Armed Forces to help deliver PPE to frontline NHS staff

A woman in front of the giant Olympic rings at the waterfront area at Odaiba Marine Park in Tokyo

The letter, signed by 3,963 frontline NHS staff, said many medical workers are "putting their lives on the line every day" by treating infected patients without appropriate protection.

Britain sent in the army to deliver protective equipment to hospitals on Monday and told people to stay at home and heed warnings over social distancing or the government would bring in more extreme measures to stop the coronavirus spread.

Concerns over shortages of personal protective equipment (PPE) for frontline NHS staff are looking to be alleviated as the Armed Forces will begin assisting in delivering the vital preventative equipment to health workers battling the coronavirus outbreak.

There was now enough supply of PPE available, added the statement; however, he acknowledged that there could be challenges in the future resulting from an unprecedented global demand surge.

However, there have been complaints from frontline medical staff about shortages of kit, saying they did not feel safe at work.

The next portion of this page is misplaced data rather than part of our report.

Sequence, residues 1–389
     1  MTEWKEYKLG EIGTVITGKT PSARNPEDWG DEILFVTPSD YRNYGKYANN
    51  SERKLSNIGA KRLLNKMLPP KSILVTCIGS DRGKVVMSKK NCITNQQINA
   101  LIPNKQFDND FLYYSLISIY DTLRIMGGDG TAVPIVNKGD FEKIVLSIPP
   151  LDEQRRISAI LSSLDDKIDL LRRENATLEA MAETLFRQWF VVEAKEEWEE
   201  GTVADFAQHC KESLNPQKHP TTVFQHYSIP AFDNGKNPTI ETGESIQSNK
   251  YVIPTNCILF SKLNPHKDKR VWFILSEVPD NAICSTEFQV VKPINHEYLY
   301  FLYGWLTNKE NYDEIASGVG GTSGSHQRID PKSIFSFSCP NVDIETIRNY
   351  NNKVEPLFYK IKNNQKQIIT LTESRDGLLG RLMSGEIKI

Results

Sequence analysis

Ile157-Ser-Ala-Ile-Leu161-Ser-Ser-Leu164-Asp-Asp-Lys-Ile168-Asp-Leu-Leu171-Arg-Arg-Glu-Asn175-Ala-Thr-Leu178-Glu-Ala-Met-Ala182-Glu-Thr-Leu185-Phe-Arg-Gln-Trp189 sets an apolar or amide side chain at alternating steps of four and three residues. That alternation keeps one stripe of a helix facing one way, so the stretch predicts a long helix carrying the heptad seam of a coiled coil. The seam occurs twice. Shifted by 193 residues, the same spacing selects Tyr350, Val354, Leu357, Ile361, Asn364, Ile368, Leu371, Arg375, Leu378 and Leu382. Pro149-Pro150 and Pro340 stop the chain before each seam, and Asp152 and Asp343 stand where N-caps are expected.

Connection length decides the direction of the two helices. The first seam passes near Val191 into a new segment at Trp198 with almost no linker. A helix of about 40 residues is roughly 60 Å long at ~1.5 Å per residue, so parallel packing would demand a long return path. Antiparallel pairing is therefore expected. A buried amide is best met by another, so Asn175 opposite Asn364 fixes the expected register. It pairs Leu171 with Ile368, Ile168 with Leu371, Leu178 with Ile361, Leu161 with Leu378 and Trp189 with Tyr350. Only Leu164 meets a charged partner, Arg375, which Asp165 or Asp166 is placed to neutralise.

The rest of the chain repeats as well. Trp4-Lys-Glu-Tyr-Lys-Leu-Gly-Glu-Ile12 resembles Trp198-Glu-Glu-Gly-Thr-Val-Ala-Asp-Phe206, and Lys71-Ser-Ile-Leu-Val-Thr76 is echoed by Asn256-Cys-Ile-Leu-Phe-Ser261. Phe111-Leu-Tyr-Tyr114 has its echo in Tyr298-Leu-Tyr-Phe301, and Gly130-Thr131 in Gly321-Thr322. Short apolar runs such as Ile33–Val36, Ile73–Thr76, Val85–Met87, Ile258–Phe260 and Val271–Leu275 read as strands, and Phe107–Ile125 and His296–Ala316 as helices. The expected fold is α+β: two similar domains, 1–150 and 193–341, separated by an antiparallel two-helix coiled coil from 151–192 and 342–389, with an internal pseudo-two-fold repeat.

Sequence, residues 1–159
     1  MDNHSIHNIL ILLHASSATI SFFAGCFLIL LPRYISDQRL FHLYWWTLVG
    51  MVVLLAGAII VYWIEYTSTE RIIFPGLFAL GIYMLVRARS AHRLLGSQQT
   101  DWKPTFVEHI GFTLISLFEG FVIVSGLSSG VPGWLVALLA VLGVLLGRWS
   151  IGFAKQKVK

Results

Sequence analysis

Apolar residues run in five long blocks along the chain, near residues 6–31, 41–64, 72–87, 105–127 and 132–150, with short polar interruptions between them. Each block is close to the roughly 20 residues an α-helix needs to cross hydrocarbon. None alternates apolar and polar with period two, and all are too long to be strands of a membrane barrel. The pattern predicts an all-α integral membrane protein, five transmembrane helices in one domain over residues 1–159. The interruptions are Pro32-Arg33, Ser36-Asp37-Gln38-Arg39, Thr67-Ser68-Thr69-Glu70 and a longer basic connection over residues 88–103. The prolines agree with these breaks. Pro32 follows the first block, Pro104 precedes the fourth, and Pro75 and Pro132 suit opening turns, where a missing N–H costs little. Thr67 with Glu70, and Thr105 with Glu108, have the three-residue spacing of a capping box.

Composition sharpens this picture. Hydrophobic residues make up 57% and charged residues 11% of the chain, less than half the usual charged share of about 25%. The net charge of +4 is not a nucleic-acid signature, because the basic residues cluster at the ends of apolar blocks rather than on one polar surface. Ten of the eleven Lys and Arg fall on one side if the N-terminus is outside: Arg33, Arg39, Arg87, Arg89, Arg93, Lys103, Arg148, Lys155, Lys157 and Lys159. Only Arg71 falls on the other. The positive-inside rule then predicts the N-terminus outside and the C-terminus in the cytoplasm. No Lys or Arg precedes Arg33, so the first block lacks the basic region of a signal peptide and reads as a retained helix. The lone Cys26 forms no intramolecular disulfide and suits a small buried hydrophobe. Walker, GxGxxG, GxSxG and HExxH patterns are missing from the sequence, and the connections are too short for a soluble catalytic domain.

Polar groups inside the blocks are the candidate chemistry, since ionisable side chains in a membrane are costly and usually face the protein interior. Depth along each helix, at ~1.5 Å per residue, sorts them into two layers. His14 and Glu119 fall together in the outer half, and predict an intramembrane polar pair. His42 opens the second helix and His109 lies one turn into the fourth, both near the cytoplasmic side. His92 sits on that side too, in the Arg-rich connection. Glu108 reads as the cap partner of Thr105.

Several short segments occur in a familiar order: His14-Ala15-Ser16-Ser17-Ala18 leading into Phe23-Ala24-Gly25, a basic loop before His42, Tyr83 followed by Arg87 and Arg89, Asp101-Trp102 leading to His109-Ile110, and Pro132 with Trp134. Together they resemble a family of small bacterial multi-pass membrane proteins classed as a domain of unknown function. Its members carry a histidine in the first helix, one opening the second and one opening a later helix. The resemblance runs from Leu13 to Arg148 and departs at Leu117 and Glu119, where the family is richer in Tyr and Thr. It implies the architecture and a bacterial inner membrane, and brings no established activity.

"We want to see action immediately", the letter in The Sunday Times said, adding that it was very upsetting to hear healthcare professionals say they felt like "cannon fodder".

"What our doctors are telling us is that although equipment is arriving, some of it is inadequate, some of it doesn't meet the World Health Organisation guidance".


Medical staff had vocally raised the issue of PPE supplies over the weekend, with nearly 4,000 NHS workers signing a Sunday Times letter calling on Prime Minister Boris Johnson to protect frontline staff's lives by resolving the "unacceptable shortage of protective equipment".

The British Association of Oral and Maxillofacial Surgeons has reported that some of the most seriously ill United Kingdom patients include healthy ENT (ear, nose and throat) specialists who ended up on life support after being infected by normal contact with patients.

Hancock admitted to the BBC that there had been "challenges" and said that the authorities were trying to "solve" those problems.

"We are taking urgent action to ensure dedicated frontline NHS and social care staff - who are working tirelessly to tackle this outbreak - feel supported".

The area has been overwhelmed with visitors", he said.The government warned that Britain would face a shutdown with curfews and travel restrictions if people continued to flout the advice."Well, we're perfectly prepared to do that if we need to because the objective here is really clear which is to stop the spread of the virus.

"By working with our partners, we are now seeing an increase in capacity and a more responsive supply chain to help us weather the coronavirus epidemic".

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